Mammography database of African American women addresses breast cancer disparities

June 20, 2008

The rate of decline in breast cancer rates over the past decade has been smaller among African American women than the general population, despite improved screening techniques.

The rate of decline in breast cancer rates over the past decade has been smaller among African American women than the general population, despite improved screening techniques.

African American women are more likely to develop cancer before age 35 and more likely to die from it at any age. Some studies have suggested there may be a difference in the histology of tumors, leading to a tendency for the cancer to be more aggressive in this population.

Howard University has taken steps to establish the first major database of African American breast cancer cases (J Digit Imaging 2008;21(1):18-26).

"We want to develop a database that provides a large variety of mammograms to provide several examples of breast cancer and benign cases from African American women," said Shani E. Ross, a Ph.D. candidate now in the department of biomedical engineering at the University of Michigan.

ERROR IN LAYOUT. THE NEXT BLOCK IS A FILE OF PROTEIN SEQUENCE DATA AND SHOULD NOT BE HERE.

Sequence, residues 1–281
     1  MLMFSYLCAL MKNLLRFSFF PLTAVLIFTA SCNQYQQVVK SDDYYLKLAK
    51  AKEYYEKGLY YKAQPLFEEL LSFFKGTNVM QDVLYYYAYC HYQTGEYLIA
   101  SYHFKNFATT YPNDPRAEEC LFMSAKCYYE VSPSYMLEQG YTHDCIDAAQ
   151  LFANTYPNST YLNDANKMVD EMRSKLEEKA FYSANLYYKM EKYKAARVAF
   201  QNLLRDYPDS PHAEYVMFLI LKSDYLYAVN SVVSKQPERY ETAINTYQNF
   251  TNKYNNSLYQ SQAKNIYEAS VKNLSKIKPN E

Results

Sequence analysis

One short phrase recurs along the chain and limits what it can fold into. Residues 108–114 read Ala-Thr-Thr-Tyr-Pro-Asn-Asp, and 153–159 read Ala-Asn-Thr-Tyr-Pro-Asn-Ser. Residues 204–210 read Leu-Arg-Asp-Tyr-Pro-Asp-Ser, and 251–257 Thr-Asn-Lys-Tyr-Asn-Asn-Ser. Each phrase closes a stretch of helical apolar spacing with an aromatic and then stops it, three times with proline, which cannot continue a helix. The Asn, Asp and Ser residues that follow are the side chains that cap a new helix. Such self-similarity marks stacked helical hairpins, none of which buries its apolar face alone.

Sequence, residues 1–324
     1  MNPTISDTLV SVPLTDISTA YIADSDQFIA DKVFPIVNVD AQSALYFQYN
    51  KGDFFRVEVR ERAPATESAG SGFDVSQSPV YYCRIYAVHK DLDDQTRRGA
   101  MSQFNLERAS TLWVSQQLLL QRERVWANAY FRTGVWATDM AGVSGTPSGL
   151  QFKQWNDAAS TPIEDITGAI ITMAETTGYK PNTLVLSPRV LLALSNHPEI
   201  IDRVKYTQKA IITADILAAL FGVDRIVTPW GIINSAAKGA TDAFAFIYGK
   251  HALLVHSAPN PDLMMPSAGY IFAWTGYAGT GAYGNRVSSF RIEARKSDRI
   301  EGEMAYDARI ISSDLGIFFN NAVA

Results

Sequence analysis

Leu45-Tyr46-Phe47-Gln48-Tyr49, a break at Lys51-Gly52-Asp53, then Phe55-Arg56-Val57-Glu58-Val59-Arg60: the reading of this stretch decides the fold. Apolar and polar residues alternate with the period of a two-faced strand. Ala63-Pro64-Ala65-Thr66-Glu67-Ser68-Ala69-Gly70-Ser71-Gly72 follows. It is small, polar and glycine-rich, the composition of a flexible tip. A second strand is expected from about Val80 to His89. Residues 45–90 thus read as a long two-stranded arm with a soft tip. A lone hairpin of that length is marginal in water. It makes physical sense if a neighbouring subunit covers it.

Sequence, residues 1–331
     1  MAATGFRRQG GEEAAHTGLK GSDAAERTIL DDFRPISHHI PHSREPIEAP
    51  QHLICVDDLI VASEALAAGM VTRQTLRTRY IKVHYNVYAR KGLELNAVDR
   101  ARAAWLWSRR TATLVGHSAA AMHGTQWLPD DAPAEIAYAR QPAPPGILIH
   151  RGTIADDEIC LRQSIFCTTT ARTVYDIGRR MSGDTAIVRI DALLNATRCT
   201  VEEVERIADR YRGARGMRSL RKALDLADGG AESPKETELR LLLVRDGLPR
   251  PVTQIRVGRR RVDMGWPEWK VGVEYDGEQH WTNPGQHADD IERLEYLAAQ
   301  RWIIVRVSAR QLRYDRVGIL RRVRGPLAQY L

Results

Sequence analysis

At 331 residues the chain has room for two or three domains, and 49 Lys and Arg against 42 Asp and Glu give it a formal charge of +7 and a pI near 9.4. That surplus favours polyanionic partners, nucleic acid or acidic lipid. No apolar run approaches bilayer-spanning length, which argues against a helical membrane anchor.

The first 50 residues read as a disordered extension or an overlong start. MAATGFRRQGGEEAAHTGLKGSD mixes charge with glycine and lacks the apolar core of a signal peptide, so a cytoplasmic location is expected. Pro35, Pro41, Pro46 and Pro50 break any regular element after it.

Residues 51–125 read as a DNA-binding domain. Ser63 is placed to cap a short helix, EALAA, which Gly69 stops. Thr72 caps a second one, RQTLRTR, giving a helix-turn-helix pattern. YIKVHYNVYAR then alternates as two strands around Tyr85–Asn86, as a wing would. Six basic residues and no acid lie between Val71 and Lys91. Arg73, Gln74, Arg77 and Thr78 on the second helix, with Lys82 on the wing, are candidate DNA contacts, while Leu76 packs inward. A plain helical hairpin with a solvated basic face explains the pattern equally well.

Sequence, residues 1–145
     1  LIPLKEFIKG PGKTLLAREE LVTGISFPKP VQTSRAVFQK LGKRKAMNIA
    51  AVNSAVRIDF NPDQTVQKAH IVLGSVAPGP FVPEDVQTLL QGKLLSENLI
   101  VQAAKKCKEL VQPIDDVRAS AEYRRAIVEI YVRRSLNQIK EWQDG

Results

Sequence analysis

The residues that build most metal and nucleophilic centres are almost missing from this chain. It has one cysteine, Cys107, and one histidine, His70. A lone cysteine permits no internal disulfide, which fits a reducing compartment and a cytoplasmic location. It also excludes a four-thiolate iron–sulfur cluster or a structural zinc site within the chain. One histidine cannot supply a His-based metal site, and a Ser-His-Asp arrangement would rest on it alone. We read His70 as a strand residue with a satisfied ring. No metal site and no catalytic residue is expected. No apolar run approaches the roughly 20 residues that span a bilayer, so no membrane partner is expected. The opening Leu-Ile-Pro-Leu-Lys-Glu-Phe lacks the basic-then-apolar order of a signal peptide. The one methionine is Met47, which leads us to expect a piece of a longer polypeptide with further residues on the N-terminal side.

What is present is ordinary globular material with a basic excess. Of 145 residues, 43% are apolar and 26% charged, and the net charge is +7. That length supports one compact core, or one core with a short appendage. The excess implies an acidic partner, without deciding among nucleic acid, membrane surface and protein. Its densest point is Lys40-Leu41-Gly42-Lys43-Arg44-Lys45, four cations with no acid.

Mohamed Chouikha, Ph.D., chair of electrical and computer engineering at Howard, is the principal investigator.

The hope is that this database will be used as an information source and training tool to help in early detection and treatment for this demographic group, Ross said. It could help close the gap in breast cancer mortality.

So far, the project has digitized more than 5000 mammograms of 260 black patients. Additional entries are planned.

The database is to be used primarily by radiologists, radiology students, and other medical or technical personnel involved in breast cancer diagnosis, mammography, and breast cancer imaging research.

"Aspects of the database will also be open to the general public for viewing sample images and obtaining information on breast cancer, mammograms, and other screening procedures and on general breast health for African American women," Ross said.

The Howard database comes with its own viewer.

The advantage of the Howard image viewing software that accompanies the database is that it can open and manipulate images up to 60 MB in near-real-time, Ross said. Annotations can be saved as necessary. The viewer is incorporated into the database so that users can interactively query aspects of the image.

"For example, users might draw a circle around a region of interest and ask the database to retrieve all cases that have similar pathologies," Ross said.

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